Ten years ago, on 28 June 2005, a home was found for ITER. In Moscow, where ministerial-level representatives of the ITER Members had convened, a consensus had at last been reached: the International Thermonuclear Experimental Reactor planned by China, the European Union, Japan, Korea, Russia and the United States (India would join six months later) would be located in Cadarache, a locality in the village of Saint-Paul-lez-Durance, some 75 kilometres north of Marseille, France.
Cadarache was already a familiar name for the fusion community worldwide. Home to one of the French Atomic Energy Commission's (CEA) largest research centres, it hosts a magnetic fusion department and Tore Supra, the world's first superconducting tokamak. Built in the late 1980s, Tore Supra still holds the world record for plasma duration, with a 2003 shot that lasted six minutes and thirty seconds — an eternity in the world of plasmas.
In the last round of a two-year negotiation, this site proposed by the European Union was unanimously chosen for the world's largest fusion facility. A little less than twenty years after the design activities for the project had been launched, the Moscow decision marked the end of a long, difficult and sometimes painful process.
It all began in the spring of 2001 when the ITER Final Design Report — the detailed blueprint of the installation — was being finalized for submission to the ITER Council.
A group of Canadian industrialists and academics who were interested in being part of the project made a first proposal in April 2001 for a site in Clarington, Ontario, home to the Darlington nuclear power plant. "For the first time since the project's inception in 1985, the name 'ITER' was associated with a precise location," remembers Jean Jacquinot, one of the experts who participated in the negotiations. "The Canadian proposal lent credibility to the project."
The Canadian proposal acted as trigger and an accelerator. Experts in Cadarache had undertaken "site studies" as early as the mid-1990s. In 2003, after reactivating and updating these studies, they formed the basis of a formal proposal — first from France to Europe, and then from Europe to the ITER Members.
The year before, Spain had proposed a site at Vandellòs, on the Mediterranean shore south of Tarragona (also the location of a nuclear power plant), and Japan had proposed Rokkasho-Mura, where a uranium enrichment plant, a nuclear waste storage installation and a used-fuel reprocessing plant cohabit on a 14-kilometre-long peninsula.
A site in Canada, two in Europe, one in Japan — that made three sites too many. In Europe, the issue was solved on 26 November 2003 when the twenty-five Research ministers of the member states voted unanimously for Cadarache. As compensation, Spain would host the soon-to-be-established European Domestic Agency, responsible for the European in-kind contributions to the project. As for the Canadian consortium, it decided to withdraw from ITER negotiations the following month due to lack of government-level support.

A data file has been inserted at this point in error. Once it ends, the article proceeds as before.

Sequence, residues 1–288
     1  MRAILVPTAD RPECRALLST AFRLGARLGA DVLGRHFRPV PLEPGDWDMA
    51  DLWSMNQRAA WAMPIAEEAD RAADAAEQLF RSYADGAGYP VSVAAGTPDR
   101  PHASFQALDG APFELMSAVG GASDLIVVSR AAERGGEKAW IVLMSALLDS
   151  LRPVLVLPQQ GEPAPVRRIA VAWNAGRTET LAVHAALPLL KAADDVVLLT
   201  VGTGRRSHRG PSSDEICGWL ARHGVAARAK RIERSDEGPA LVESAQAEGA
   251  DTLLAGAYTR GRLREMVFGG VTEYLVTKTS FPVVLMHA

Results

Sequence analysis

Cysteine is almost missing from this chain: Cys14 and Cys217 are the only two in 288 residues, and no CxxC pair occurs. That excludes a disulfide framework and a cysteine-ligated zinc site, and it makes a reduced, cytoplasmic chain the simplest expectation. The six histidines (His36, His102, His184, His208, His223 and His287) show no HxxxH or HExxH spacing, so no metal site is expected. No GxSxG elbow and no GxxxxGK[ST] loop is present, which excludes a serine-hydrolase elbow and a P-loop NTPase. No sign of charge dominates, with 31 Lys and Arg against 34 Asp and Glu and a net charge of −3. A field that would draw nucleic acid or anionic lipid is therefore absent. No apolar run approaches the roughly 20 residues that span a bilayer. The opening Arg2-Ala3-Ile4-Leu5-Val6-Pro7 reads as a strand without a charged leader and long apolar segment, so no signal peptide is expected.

The year 2003 was drawing to an end and the ITER Members still had a decision to make. Four days before Christmas, their ministerial representatives met in Reston, Virginia, a suburb of the US federal capital. The meeting was heralded as decisive; expectant TV crews camped outside the gates of the site in France, media representatives were in constant contact by telephone with the different delegations. But the Reston negotiations ended in gridlock.
An optimistic joint communique, however, proclaimed: "The six Parties have reached a strong consensus on a number of points. We have two excellent sites for ITER, so excellent in fact that we need further evaluation before making our decisions based on consensus."
Reaching consensus would require another 18 months. In order to break the gridlock, a "Broader Approach" program was devised that included the construction of a materials research installation for fusion, "a satellite machine" for ITER, a computing centre for fusion science and a centre for remote experimentation — something for which Europe had always advocated. The Broader Approach installations would offer scientific and economic "compensation" to the party that would not host the machine.
Additional meetings were organized in Vienna in February 2004 and again in June, politicians on both sides entered the game, and partisan newspaper columns were published ... some fair, some less so. On both sides, the spring of 2005 was rife with sibylline declarations, allusions, hints...
On 28 June the long-awaited decision was at last made official in a joint public announcement by Janez Potočnik, the European Commissioner for Science, and Noriaki Nakayama, the Japanese Minister of Science and Technology. "I wish to say that today Japan is both sad and happy," said Nakayama. "However, this project is so important that we have decided to overcome our grief and change it into joy."
Two days later, French President Jacques Chirac was in Cadarache to celebrate the momentous event. No one had "won," no one had "lost." The ITER Members had demonstrated their capacity to overcome difficult odds and to imagine a solution that was acceptable to all.
And so, ten years ago, the ITER Members laid the foundation for the kind of spirit that continues to carry forward a truly unique collaboration for science.http://www.iter.org/mag/7/52-R.A.